Have you listened to one or more of the current Presidential debates? Do you come away relatively empty in terms of any useful new information? Would you like something that can help you cut right through the “smoke” and get to the meaningful content? I will outline a few steps that will give you the maximum opportunity of extracting any useful information there might be in a Presidential debate. The wonderful thing is that you can use these same steps to get the maximum amount of useful information from any conversation, article, or any other source of communication.
How not to listen to the Presidential debates:
- Listen emotionally
- Listen based on a single issue or small set of issues
- Just listen to anything that makes your favorite candidate sound good
- Listen for the next headline
- Only listen to the views of the top two candidates
How to listen to the Presidential debates:
The key is to listen through the Purpose. Here is a short process for doing that:
- First determine the purpose of the Presidential debate
- the purpose is to provide you with information so you can select and vote for the candidate that will do the best job as the President of the United States of America
- in essence the debates are part of a public job interview for the job of President of the United States
- Determine the purpose of the United States of America (the organization which the President will lead).This is key.
- Since the President is the leader of the United States, know and use the purpose of the United States as a filter that will help you sort out meaningful from useless or unimportant information. Keep this purpose uppermost in mind and filter everything you hear through it.
- Evaluate all the ideas that you hear during the debate and determine which candidate’s ideas would best fulfill and enhance the purpose of the United States
- Information that does not help you answer this question, should just be ignored.
- Relevance is judged against the purpose or mission of the United States in determining what information is meaningful and what information is not.
What is the purpose of the United States of America? You would think this would be a hard question to answer. But a lot of people, including me, feel the most acceptable definition has been around since September 17, 1787. It is the Preamble to the U.S. Constitution:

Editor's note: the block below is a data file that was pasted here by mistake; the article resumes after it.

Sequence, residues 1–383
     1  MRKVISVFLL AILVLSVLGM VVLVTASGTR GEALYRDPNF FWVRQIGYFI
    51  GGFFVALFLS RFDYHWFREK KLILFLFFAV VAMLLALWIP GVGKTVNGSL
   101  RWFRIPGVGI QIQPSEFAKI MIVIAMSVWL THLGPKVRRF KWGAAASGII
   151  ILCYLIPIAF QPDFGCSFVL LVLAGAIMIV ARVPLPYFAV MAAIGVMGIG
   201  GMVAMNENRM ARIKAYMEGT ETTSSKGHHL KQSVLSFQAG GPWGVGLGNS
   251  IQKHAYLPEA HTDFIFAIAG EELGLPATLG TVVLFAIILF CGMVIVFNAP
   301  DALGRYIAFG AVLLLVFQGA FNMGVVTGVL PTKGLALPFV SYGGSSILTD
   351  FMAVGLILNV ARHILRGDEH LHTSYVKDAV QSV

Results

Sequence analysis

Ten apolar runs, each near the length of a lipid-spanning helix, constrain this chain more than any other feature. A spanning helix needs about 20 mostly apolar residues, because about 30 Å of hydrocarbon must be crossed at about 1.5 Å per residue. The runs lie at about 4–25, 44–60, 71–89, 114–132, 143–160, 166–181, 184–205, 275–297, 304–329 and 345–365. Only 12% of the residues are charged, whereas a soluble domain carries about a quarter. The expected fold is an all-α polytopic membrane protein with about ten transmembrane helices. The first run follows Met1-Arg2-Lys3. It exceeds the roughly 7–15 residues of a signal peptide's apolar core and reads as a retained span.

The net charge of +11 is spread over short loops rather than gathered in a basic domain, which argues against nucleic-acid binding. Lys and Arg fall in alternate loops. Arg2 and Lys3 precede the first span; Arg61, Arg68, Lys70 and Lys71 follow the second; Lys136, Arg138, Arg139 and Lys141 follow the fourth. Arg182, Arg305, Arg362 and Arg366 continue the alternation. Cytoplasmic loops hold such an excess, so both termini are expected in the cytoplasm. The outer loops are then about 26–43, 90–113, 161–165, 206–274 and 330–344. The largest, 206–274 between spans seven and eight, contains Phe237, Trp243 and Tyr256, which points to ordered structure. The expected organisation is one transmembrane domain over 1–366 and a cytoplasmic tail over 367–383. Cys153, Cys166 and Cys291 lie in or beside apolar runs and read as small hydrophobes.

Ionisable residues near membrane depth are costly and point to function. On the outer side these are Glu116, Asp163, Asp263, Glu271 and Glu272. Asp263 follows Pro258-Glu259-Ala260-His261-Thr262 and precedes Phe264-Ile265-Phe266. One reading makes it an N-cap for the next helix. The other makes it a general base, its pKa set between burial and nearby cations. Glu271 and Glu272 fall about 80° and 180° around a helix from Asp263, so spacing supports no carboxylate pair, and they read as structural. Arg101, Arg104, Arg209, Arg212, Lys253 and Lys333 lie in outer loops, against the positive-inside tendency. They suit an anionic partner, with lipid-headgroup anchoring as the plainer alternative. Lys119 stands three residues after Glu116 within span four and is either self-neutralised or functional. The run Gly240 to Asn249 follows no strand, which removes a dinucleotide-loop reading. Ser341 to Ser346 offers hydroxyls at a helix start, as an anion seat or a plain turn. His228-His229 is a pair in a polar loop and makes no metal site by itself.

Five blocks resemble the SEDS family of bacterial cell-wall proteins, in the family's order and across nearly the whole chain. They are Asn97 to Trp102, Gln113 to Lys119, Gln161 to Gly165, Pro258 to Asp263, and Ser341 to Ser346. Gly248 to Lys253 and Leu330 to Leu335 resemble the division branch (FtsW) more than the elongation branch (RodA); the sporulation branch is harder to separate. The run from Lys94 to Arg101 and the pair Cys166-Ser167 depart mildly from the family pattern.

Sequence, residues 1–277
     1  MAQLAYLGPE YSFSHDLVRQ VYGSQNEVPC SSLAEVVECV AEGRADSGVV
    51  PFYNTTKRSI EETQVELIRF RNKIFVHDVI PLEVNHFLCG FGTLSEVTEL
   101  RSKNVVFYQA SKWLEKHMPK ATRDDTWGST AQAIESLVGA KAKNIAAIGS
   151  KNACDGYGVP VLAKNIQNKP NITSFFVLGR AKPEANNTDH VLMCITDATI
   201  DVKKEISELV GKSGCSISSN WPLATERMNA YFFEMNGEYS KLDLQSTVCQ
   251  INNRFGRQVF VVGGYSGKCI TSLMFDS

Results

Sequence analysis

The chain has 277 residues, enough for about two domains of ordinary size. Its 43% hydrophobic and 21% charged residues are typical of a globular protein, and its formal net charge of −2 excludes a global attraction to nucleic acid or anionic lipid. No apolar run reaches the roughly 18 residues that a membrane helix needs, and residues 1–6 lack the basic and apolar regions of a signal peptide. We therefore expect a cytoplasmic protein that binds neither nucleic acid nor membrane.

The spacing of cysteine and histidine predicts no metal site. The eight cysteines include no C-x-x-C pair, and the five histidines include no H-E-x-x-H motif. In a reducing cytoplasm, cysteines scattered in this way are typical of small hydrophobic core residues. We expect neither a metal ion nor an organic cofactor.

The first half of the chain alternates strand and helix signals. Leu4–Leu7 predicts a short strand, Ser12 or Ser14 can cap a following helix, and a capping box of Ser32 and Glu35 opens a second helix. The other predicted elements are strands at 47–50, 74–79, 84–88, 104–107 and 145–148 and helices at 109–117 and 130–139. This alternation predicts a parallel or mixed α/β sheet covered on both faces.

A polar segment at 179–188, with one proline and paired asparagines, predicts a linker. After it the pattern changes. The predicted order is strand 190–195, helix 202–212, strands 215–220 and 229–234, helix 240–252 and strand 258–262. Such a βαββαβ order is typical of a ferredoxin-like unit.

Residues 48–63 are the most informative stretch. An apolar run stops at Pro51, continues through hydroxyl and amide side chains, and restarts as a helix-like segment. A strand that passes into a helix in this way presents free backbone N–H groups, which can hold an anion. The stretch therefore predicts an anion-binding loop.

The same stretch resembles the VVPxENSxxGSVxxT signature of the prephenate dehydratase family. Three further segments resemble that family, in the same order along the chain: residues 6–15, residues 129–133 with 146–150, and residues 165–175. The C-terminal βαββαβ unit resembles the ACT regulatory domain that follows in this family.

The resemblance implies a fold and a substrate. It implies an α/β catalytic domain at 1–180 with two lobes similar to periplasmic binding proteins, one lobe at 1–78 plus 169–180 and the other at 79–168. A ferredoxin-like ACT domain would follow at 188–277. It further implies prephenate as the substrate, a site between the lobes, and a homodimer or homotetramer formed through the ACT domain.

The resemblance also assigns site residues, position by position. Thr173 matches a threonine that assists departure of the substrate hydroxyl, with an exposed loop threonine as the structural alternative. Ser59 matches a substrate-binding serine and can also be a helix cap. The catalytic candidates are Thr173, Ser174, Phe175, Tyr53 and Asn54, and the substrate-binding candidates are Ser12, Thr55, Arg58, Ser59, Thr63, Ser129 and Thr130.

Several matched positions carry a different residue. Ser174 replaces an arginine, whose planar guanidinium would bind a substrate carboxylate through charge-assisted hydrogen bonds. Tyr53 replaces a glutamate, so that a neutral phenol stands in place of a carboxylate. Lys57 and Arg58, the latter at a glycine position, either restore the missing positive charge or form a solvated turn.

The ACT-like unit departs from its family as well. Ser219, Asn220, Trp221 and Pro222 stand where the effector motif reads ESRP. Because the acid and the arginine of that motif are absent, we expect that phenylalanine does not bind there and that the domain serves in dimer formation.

“We the people of the United States, in order to form a more perfect union, establish justice, insure domestic tranquility, provide for the common defense, promote the general welfare, and secure the blessings of liberty to ourselves and our posterity, do ordain and establish this Constitution for the United States of America.”
If we can accept this as the purpose of the United States, then here are some of the things you might be listening to during the “job interviews” which are the Presidential debates. Which candidate’s ideas, as a whole, will help us:
- Form a more perfect union?
- Best establish justice?
- Insure domestic tranquility?
- Provide for common defense
- Promote the general welfare
- Secure the blessings of liberty to ourselves and our posterity
You can use this same assessment against the purpose for any position papers, books, articles that the candidates have written that reflects the candidates’ current views.
The mission or purpose will not only help you ferret out any meaningful information in Presidential debates, it can be used for just about any conversation or article that you read.
Try this during the next presidential debate. Let me know how this works for you by liking and commenting on this article.
Want to learn similar ideas that will help your business? Attend the State-Award winning McClaskey Excellence Institute’s “Achieving World-Class Results” class. One of the many topics you will learn is how to use your organization’s Mission statement to get everyone focused on what is most important to achieve that Mission.